In 2011, EY and GreenBiz Group conducted a survey of executives employed by companies generating revenue greater than $1 billion. In that report, EY shared that “76 percent of survey respondents anticipate natural resource shortages will affect their core business objectives over the next 3-5 years and that 65 percent of respondents stated their CFO has become involved in sustainability.” With interest in sustainability and CSR continuing to accelerate, many organizations are looking for ways to benefit and perform in the green economy. Why not start by using design thinking to start solving those problems?
For those of you familiar with design thinking, you might already know the process associated with growing meaningful ideas and solutions. As we’ve discussed in a previous blog post, design thinking is a six-phase process that puts people in focus. The first three phases are all about gaining a thorough understanding of the problem and the target audience. The other three phases are dedicated to working on solutions. Let’s see how this might look when we’re thinking about sustainability.
Define: Be sure to start by properly defining the problem you want to solve or the question you want to ask. In this case, you can start the conversation based on some of your sustainability goals (reduce carbon emissions, create more corporate good campaigns, etc) but get more granular and developed as the process goes on. You can use IdeaScale to source the issues that people most want to work on and define parameters for how you would like to solve them.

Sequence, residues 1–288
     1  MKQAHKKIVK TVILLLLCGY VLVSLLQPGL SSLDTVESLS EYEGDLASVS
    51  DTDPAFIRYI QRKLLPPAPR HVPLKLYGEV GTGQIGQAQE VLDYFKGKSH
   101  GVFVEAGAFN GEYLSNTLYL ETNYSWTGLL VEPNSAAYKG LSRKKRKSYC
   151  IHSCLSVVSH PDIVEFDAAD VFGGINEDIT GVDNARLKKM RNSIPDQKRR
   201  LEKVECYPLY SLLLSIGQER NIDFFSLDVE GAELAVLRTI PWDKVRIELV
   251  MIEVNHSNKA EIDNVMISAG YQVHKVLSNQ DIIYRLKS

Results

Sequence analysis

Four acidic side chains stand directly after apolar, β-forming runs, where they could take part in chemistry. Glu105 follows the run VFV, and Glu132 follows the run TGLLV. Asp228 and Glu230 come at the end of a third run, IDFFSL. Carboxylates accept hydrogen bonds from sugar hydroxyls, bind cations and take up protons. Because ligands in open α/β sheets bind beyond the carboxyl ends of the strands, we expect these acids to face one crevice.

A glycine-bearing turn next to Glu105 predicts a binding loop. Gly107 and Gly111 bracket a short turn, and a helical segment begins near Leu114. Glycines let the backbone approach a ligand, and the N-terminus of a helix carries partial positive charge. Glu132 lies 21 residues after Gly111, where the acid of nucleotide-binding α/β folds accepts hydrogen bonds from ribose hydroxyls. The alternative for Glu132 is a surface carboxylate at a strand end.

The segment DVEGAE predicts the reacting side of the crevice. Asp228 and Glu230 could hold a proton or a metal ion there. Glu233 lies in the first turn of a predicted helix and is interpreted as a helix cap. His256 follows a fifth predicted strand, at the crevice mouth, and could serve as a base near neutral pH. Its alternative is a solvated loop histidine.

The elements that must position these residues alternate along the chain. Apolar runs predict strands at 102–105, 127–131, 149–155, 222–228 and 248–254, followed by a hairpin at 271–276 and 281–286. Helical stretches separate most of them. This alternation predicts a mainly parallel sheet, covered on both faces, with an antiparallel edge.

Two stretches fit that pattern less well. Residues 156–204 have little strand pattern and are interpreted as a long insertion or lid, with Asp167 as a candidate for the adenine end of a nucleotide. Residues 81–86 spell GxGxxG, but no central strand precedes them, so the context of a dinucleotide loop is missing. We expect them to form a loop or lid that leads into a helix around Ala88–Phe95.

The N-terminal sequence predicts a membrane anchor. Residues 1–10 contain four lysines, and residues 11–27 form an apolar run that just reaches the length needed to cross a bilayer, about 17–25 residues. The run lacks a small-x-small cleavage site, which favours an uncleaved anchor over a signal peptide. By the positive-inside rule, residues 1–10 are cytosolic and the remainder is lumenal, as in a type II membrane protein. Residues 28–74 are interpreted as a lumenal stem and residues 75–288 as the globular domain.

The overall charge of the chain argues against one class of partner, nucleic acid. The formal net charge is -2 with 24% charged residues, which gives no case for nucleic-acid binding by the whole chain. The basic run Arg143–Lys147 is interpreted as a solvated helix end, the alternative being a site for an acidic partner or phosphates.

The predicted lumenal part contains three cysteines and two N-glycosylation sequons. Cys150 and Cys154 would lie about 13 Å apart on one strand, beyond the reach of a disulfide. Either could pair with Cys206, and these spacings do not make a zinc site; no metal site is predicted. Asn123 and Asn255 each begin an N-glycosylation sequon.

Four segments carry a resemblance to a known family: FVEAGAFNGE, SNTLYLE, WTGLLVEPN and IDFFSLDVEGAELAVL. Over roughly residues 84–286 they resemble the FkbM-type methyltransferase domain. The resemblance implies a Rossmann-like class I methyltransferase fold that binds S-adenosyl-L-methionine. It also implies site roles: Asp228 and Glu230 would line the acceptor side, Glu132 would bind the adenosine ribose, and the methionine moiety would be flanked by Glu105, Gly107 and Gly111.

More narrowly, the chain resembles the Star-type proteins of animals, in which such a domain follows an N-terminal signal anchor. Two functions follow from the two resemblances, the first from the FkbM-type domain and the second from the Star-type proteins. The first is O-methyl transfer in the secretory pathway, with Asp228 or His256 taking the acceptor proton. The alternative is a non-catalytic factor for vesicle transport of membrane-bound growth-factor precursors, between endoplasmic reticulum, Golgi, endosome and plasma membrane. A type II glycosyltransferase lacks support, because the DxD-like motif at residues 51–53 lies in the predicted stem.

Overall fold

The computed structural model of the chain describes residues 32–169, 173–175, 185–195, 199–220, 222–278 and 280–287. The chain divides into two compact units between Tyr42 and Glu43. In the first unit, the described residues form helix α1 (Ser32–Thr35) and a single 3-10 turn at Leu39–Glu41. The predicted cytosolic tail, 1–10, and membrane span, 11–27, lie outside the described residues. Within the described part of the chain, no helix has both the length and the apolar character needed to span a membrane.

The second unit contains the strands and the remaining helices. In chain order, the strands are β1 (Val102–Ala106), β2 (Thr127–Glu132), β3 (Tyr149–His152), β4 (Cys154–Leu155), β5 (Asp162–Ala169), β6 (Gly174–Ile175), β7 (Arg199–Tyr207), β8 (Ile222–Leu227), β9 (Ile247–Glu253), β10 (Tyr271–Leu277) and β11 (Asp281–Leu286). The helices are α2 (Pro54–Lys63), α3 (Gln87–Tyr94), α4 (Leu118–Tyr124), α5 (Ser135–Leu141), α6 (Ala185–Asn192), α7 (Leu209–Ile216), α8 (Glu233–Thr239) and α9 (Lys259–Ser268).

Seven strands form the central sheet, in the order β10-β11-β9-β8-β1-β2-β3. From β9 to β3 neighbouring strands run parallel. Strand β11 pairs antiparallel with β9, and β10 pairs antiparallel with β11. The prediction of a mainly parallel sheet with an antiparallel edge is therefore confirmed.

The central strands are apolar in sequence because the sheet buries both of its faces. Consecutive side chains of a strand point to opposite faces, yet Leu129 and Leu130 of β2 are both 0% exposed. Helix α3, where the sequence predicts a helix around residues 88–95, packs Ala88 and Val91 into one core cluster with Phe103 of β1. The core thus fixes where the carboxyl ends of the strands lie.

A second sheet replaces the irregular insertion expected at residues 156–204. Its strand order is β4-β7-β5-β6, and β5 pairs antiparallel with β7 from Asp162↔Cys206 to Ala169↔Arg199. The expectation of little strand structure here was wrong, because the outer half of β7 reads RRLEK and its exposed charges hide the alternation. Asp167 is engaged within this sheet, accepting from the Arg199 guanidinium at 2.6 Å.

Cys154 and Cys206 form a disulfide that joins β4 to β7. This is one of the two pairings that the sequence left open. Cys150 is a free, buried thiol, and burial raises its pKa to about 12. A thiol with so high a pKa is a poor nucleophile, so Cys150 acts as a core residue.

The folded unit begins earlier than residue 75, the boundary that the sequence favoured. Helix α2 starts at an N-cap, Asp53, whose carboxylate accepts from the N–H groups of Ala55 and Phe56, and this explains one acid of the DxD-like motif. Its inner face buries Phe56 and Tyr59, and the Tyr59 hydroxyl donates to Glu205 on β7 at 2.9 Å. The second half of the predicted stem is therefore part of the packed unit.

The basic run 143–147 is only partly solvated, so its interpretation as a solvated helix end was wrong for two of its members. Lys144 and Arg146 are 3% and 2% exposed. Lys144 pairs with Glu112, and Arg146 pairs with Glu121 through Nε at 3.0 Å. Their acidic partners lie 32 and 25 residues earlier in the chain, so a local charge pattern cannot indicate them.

Research: This is where you want to do all sorts of discovery about the problem (interview people, review studies). Dive deep into the problem in order to learn more. You can even reach out to your community and have them share knowledge.
Synthesis: Remember everything that you just learned? Now you have to put it together. This is going to help you as you begin to FINALLY look for solutions that can actually generate results to those initial challenges.
Ideation: With a properly defined problem and a ton of knowledge resources, you can start ideating. This is a great moment to reach out to your crowd who is bursting with ideas about efficiency, new technologies or methodologies and are looking for a way to apply those changes. Ideation also means connecting and building ideas so that they become even more impactful.
Prototyping: It’s not enough to have an idea, you have to build it out. Invite your crowd to help you develop the first version of a product, process, or model.
Testing: With a working prototype, you can instantly start learning all over again. Maybe you realize you need to do more research or you want to to build on the prototype with new ideas (you can always go back to the previous steps), but as you test, you can continue to optimize. This will help you become more efficient and develop new modes of business that are cleaner, greener, and more responsible.
Want to set-up a sustainability campaign in IdeaScale? Contact our sales team who can get you started.